North Wapiti Siberian
Iditarod 2008 - Tales from the Trail
May 19, 2008
As much as I adore winter, as most of you, I
love the arrival of spring. Last week, seemingly overnight, the
valley burst out green as the popular trees buds popped open.
The evenings are long and lovely, with it being light until
almost 10 pm now.
Unfortunately, one thing spring has not brought with it this
year is rain. Since our big dump of snow last month, we have
been entirely moisture free! It may sound pleasant, but the
county of Athabasca is already under a 'fire advisory' - and the
last few mornings smoke from nearby (but thankfully not too
nearby) fires has hung heavy in the valley.
The last 3 or 4 years have been wet, with a low fire risk, and
have lulled us into a false sense of security. This is a wake
The last couple days have been bitterly windy - further drying
out the ground and hindering hardworking firefighters. As each
new cloud bank blew in, I'd look to the sky and plead for rain,
but no matter how dark and dreary looking, they all blew off
without leaving a drop of moisture.
Last night, by the time we went to feed at 8pm, the wind had
vanished and the skies were completely clear. The dogs spun
around their chains, kicking up a blanket of dust over the dog
Mark had to be up at 4:30 am to leave for work, so he headed to
bed at 9:30, but I decided to stay up and let it cool down
before trying to fall asleep. I've been stalling off on
replacing the flannel sheets and the bed is really toasty with
Around 10:30 my eye was caught by a flash off to the north.
There are some kids camping in the valley this weekend, so at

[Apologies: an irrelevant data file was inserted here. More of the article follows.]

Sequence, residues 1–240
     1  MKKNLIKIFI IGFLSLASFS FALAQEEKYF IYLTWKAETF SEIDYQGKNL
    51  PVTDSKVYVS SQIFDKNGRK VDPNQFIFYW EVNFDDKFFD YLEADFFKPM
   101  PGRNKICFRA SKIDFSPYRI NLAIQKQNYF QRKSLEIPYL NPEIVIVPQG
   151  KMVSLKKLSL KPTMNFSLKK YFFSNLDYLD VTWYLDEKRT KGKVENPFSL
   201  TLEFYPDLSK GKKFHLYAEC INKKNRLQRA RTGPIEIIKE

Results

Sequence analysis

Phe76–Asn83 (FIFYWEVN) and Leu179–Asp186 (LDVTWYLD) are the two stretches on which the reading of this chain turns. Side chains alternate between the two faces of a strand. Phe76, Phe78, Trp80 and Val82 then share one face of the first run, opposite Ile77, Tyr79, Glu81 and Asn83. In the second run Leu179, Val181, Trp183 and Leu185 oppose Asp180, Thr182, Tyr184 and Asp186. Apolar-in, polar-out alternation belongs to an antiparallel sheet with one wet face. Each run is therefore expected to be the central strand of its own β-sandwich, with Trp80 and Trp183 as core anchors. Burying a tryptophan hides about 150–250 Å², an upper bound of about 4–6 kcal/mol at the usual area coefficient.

first I wasn't sure what the flash was caused by (thought maybe
they had a ATV out late and I had seen a headlight in the woods)
but one look at Fly, who had begun to shake like a leaf and
drool, confirmed that our first thunderstorm of the season was
upon us (Fly has a few 'issues' - thunderstorms are his biggest
Now, as a kid I LOVED thunderstorms. I have this childhood
memory, don't know how accurate it is, but I remember sitting on
the porch of our families' first house with my Dad watching
storms blow in. I think because I associate thunderstorms with
him, they always made me feel safe.
But then I grew up, fell in love with a pack of dogs and became
responsible for their welfare. Now thunderstorms scare the heck
out of me - especially during dry times when they are not
accompanied by rain, as was the case last night.
I stood out on our deck and watched the first wave of the storm
move further off to the north. Behind me far off flashes were
scattered through out the skies to the west, heading our way.
Fly, my 'fearless' guard dog was plastered against the back wall
of his dog house and the 'Candies', having never experienced a
thunderstorm before, barked defiantly at the night sky.
It was about 11:30 that I decided I needed to quit worrying and
just get to bed, but once there, I just stared at the ceiling as
the flashes lit up the house every minute or so.
Then the temperature display on my ceiling began to drop. From
13, to 12, to 11 and down to 10 in a matter of moments.
Suddenly, the sound of rain hit the roof - hard. The fussing in
the dog yard stopped instantly, as I'm sure the dogs all ran for
the protection of their houses.
I snuggled down into my flannel sheets and fell asleep with a
smile on my face.
I don't think a huge amount of rain fell overnight, but
everything this morning seems cleaner and fresher - well, except
for Fly, he looks like he has a bad hangover! We certainly need
more rain, a lot more rain, but even that little bit last night
was a welcome thing.
Karen's Diary - Iditarod 2008 Edition
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